Coyne rebooted as political kingmaker

There is only one candidate in the Unite General Secretary election talking about the Labour Party – and, yes, it is the candidate who says the union shouldn’t talk about the Labour Party.

With a screeching handbrake turn, Gerard Coyne is now all over the media demanding that Len McCluskey should talk MORE about party politics.

Len seems to have been pretty busy with the day job lately, what with trying to save the jobs of Unite members threatened by the planned Peugeot takeover of Vauxhall Motors.

Not the best use of his time, according to Coyne.  The General Secretary should drop all of that and pitch into the media feeding frenzy over Labour’s loss of the Copeland by-election.

Coyne has certainly been leading the way there.  Lots of people, he says, should be “looking in the mirror.”  He doesn’t quite say Jeremy Corbyn should quit, but he does most definitely say that Len McCluskey should be talking about the issue.

So the drop-the-politics-put-the-members-first champion is now coming clean as the I’m-the-GS-who-will-put-politics-first candidate.

In truth, it was always going to be like this.  From the get-go, the Coyne campaign has been a political project, driven by the West Midlands machine politicians at the heart of right-wing Labour (yes, Watson, Spellar and Dromey, I’m talking about you).

For them, it matters nothing whether Unite is run well or badly, whether it protects members’ workplace interests or not.  They believe that installing their own hand-crafted marionette at the helm will assist them in steering Labour back into safe Blairite waters again.

For this work, they are using Gerard Coyne, a man no more encumbered by scruples than he is blessed with judgement.  This was a rickety choice, for this reason.  If your rhetoric is about making the election about industrial matters rather than politics, you are playing a game where Coyne barely performs in the same league as McCluskey.

So with Coyne reading the “non-political” script written for him by…politicians, all McCluskey has had to do is keep the focus strictly on bread-and-butter jobs issues.  Since a brief pre-Xmas wobble in the Mirror, this has worked, and left the Coyne campaign gasping for air. I fully expect the final branch nomination totals, due to be released soon, to reflect how badly Coyne has played his hand.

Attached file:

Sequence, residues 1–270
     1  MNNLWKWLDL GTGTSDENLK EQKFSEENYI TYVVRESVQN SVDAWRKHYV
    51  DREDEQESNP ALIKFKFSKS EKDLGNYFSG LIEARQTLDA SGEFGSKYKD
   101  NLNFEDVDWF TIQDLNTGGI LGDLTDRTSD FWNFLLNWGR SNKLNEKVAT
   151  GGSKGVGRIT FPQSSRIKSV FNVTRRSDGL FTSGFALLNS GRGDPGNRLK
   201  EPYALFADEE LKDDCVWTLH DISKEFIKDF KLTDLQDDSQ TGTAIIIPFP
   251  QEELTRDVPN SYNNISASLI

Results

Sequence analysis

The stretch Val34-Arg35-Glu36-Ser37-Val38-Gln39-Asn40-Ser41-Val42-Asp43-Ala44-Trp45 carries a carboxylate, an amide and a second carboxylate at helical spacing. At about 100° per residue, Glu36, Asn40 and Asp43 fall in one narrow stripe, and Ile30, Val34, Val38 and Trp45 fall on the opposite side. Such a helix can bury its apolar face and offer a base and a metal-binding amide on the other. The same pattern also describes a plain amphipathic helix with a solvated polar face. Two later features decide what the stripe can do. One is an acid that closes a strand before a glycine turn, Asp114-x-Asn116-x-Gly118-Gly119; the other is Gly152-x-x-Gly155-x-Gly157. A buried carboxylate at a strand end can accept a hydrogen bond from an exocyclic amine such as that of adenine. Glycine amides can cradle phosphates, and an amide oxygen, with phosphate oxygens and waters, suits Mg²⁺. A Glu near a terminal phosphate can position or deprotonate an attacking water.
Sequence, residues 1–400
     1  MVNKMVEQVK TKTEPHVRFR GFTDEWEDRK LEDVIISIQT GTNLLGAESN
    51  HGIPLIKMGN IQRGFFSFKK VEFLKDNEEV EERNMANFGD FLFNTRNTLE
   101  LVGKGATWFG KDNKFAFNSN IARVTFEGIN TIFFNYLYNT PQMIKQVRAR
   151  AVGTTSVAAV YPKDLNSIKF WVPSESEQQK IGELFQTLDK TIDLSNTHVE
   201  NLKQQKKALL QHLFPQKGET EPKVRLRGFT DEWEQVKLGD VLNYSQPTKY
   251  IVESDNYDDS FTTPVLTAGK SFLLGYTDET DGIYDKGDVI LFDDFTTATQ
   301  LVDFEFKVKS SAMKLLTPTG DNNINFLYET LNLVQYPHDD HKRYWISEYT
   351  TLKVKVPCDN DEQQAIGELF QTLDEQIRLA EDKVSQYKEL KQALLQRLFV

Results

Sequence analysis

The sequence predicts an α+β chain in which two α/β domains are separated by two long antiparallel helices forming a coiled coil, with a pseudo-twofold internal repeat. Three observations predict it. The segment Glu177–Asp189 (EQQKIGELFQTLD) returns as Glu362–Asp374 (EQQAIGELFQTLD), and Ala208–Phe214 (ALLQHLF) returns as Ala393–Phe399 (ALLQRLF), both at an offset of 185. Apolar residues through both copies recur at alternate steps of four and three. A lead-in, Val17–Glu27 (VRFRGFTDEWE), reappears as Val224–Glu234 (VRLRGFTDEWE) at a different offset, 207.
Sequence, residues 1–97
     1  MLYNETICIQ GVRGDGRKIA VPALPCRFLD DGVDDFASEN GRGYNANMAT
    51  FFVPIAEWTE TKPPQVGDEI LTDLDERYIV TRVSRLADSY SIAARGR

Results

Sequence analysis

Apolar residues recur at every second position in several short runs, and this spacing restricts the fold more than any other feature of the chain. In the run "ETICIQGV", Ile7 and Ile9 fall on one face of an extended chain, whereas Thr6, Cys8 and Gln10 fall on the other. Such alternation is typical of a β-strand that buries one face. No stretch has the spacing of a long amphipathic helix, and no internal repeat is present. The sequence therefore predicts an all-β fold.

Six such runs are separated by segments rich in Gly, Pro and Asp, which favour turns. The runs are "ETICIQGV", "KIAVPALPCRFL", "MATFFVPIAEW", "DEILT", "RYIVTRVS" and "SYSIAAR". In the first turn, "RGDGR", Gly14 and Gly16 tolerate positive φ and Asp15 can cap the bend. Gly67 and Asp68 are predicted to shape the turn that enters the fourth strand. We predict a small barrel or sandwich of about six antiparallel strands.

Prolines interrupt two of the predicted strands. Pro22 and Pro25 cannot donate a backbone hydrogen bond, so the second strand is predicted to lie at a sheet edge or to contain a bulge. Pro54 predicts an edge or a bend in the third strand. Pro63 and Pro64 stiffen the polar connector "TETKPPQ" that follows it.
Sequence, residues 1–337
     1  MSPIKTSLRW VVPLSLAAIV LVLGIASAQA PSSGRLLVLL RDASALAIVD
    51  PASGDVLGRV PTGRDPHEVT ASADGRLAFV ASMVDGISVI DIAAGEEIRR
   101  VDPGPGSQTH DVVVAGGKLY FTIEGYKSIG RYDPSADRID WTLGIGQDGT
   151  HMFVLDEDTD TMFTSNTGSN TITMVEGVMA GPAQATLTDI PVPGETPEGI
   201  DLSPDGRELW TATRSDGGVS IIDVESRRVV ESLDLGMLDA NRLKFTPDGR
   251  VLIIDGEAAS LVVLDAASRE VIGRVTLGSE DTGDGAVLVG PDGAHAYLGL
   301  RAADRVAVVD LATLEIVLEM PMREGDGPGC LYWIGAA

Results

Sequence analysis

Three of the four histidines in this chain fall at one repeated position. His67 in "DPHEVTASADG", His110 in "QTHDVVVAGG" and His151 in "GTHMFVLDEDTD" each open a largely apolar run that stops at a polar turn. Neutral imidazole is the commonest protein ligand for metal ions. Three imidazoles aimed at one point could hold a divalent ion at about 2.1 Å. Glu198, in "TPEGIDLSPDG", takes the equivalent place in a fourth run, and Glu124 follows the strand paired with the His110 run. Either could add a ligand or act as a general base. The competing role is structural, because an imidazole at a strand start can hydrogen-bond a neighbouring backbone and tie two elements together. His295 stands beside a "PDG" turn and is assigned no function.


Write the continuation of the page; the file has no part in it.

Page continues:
So this phase two of the Coyne campaign – the “let’s not let anything distract us from talking about politics” phase – was always going to happen.  From the outset, Coyne’s only hope has always been to present himself as the anti-Corbyn candidate and hope to scoop the votes of those Unite members who both share his view of Labour’s Leader and believe that this is what the union election should be about.

This is not an absurd strategy.  There is no denying that Corbyn is struggling, nor that McCluskey is in some measure identified with him.

But it will likely fail for three reasons.  The first is that on those industrial issues where Unite members interests clash with some of Corbyn’s positions (Trident, nuclear power etc) McCluskey has been unequivocal in coming down on the side of the members – and the members concerned know it and seem to appreciate it.  For example, Coyne’s slightly desperate attempt to pin the Copeland loss on McCluskey is rather undermined by the backing that the latter has received from the members at the Sellafield nuclear power plant in the heart of the constituency.

This leads on to reason two:  Workers can tell the difference between a union election and a parliamentary one; and they want one thing from a General Secretary and another from an MP.  No union election yet has been determined by Labour Party or other political considerations.  It is about who has the best agenda for leading the union.  Here, McCluskey stands on his record, and Coyne stands in a vacuum.  There are many Unite members who are not in the slightest interested in the Labour Party or who leads it, but are concerned that they have proper protection at work.

Finally, where does Coyne take this new line?  Either he says “Corbyn must go”, in which case he plays political king-maker, or he doesn’t answer the issue directly (he took the second route in a car-crash radio interview) in which case he is just media wall-paper with nothing to say.  His actual line, of course, is “McCluskey must go”, but packaging that up as “McCluskey must go in order that maybe Corbyn should go, or not, later” is exhausting to write but not interesting to say.

All the while, McCluskey seems to simply swallow up the territory.  His team has clearly calculated that leaving Coyne to launch one media attack after another more-or-less uncontested means little set against their candidate’s popularity with Unite reps and overpowering support from lay and full-time officialdom at all levels.  There is a risk here, to be sure, but it would take both an extraordinary event and a less ordinary rival than Coyne to turn risk into real danger.  Far more than media blether, the branch nominations will give us a clear picture of the battlefield.

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